Social networking has become so common and broad-based in its use — there are now more than 500 million Twitter users and more than 1 billion Facebook users — that banks have no choice but to incorporate social networking into their marketing efforts.
"There won't be any turning back on the growth on social media and there will be a slow gravitation toward services delivered in the channel," says Michael Versace, global research director, IDC Financial Insights. "Social media will continue to force service industries like banking to find ways to engage with customers," Versace says.
This month, Bank Technology News spoke with social media experts from the banking, technology and analyst community, who revealed five major ways banks can use and benefit from social networking.
1. Build a community and glean product ideas from it
Many banks, notably Citi and ING Direct, engage with customers via Twitter and Facebook. Sentiment analysis, content tracking and crowdsourcing can turn these interactions into actionable science.
"This can create ideas for innovation," says Harvey Sipel, who represents the social business practice at Cap Gemini. "A lot of people say social media is just Facebook and Twitter. But social is a new way for consumers, employees and even vendors to communicate, interact, and share."
Barclaycard Ring, the card company's "community-built credit card," for example, includes an internally run online community in which cardholders can pitch new ideas. Among the recent ideas is a reward for cardholders who don't repeatedly call the company for service.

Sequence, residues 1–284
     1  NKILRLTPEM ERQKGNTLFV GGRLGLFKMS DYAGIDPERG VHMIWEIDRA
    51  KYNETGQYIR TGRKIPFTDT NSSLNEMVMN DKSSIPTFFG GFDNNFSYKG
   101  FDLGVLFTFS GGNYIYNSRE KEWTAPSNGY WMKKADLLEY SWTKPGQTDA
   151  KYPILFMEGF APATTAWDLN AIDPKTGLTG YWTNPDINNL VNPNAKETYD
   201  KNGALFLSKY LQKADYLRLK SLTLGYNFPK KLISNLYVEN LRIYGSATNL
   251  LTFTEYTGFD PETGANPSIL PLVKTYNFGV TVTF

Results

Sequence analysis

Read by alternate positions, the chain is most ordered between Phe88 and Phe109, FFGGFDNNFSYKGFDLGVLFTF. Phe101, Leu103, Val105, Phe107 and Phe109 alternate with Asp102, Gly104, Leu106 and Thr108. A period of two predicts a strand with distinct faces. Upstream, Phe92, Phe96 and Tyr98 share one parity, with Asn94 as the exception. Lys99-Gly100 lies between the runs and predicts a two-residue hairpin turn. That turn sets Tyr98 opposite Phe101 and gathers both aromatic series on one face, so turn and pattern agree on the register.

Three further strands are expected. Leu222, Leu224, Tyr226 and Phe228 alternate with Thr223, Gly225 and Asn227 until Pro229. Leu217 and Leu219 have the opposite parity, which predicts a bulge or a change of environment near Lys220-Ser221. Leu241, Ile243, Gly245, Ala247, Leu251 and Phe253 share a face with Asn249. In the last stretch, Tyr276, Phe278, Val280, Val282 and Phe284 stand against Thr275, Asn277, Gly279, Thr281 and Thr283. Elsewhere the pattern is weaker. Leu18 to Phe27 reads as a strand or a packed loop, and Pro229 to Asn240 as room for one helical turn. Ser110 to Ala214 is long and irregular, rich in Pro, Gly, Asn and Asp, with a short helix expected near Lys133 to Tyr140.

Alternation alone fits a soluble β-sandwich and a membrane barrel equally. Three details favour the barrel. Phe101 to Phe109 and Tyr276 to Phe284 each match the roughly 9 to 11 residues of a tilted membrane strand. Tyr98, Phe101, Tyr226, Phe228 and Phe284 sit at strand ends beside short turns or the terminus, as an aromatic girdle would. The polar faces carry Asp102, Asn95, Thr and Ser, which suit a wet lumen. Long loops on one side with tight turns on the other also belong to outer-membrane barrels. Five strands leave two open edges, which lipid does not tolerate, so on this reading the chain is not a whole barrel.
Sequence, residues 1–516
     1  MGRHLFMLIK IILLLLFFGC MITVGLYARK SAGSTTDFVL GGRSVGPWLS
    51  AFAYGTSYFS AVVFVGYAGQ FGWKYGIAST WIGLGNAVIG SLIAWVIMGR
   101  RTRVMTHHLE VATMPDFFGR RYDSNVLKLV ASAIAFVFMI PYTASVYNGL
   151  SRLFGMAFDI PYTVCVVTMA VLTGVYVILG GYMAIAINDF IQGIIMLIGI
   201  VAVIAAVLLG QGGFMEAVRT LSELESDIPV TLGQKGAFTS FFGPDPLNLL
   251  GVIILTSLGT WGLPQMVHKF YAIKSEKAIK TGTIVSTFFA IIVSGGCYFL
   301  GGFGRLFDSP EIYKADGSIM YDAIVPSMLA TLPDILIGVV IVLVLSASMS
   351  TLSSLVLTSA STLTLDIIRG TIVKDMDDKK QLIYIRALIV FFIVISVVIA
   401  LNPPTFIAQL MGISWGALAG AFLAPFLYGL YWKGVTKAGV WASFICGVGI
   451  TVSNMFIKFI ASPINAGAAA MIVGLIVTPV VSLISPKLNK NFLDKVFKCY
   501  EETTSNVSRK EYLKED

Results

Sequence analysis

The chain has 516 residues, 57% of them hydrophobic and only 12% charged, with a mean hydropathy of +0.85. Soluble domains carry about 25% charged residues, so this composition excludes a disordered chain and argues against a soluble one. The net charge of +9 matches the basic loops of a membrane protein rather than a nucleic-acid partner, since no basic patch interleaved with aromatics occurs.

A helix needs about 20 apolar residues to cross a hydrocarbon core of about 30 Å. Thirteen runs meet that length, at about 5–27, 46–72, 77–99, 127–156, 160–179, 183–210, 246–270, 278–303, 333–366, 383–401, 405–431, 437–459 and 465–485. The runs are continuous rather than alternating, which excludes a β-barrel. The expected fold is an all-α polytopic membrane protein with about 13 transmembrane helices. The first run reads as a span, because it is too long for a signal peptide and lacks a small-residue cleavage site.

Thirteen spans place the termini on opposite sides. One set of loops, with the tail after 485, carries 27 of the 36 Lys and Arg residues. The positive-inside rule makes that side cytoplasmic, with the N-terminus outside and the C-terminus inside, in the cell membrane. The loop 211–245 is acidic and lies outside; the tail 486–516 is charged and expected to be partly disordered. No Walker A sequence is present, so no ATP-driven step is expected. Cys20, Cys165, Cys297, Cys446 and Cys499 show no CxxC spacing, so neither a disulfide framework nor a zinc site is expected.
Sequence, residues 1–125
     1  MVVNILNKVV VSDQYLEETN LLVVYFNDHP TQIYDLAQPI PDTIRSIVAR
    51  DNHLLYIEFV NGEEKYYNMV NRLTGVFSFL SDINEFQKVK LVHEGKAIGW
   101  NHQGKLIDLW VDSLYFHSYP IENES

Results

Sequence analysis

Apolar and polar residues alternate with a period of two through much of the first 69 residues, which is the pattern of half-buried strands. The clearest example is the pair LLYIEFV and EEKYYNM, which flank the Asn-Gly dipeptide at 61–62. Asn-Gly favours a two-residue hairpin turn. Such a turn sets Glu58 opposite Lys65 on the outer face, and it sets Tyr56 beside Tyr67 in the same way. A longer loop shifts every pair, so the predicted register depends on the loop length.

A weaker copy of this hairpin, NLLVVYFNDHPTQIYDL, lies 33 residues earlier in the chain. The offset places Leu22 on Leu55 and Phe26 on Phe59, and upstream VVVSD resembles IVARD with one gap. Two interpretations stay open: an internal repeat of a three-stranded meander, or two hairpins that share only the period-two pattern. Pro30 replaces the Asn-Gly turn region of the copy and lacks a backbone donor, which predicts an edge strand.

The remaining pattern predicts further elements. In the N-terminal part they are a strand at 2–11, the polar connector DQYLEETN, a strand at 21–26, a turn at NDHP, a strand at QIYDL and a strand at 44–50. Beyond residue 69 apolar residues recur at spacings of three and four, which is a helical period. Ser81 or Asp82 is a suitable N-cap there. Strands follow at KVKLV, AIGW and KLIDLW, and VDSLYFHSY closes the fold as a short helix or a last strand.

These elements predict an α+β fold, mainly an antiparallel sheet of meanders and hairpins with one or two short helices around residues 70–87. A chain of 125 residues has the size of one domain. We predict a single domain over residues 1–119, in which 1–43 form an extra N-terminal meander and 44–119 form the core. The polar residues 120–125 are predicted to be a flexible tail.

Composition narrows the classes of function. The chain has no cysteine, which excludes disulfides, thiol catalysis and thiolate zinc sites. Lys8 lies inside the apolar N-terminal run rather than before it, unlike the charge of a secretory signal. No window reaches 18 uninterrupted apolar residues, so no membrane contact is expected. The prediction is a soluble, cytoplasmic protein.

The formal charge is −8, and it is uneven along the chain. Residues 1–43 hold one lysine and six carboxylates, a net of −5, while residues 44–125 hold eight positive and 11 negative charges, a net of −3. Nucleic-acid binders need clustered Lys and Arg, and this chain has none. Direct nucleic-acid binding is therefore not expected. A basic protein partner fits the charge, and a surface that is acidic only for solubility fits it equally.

Barclaycard Ring makes stats available to consumers on how they are using their cards. Card members benefit financially via rewards if the business unit that issues the cards performs well. Another carrot in the community is "badges." Similar to retweets and "likes" on Facebook, badges are earned for positive behavior, such as signing up for paperless statements. "The platform is scalable and allows us to reach out to folks to develop new products in new ways," says Jared Young, senior director of consumer markets at Barclaycard US.
Young says that by using social networking to bring people into the creative process, the institution is working to improve the way people feel about their financial institution. "U.S. consumer confidence in banks is at an all-time low...and by using the community, we're reaching out to them," Young says.
2. Monitor customers' posts to learn about product needs and preferences
Erica Barry, director of digital marketing for First Mariner Bank, says changes in traditional web search analysis are making social networking sites an increasingly important way in which the bank gathers life stage and other personalized information about its customers.
Barry says that about a year ago, when Google began encrypting its keywords and implementing "secure search" for anyone performing a search while logged into a Google product, tracking the keywords people were using to get to the bank's site became harder. "Now all we see in Google Analytics is the term "not set,"' she says. "We as businesses are left to draw assumptions and infer trends based on what we see from other sources (social media, other websites) and the keywords we see from search engines such as Bing and Yahoo," Barry says. Google did not return a request for comment.
Barry says that with Facebook, for example, the bank is able to see demographics and interests: favorite shows, movies, "wives of the Air Force," relationship status, alumni associations etc. "Basically, anything that a person adds to their profile is information that advertisers can use to target. We're able to see where our 'followers' are in their lives. Are they just graduating? Are they newly engaged and saving for a wedding?"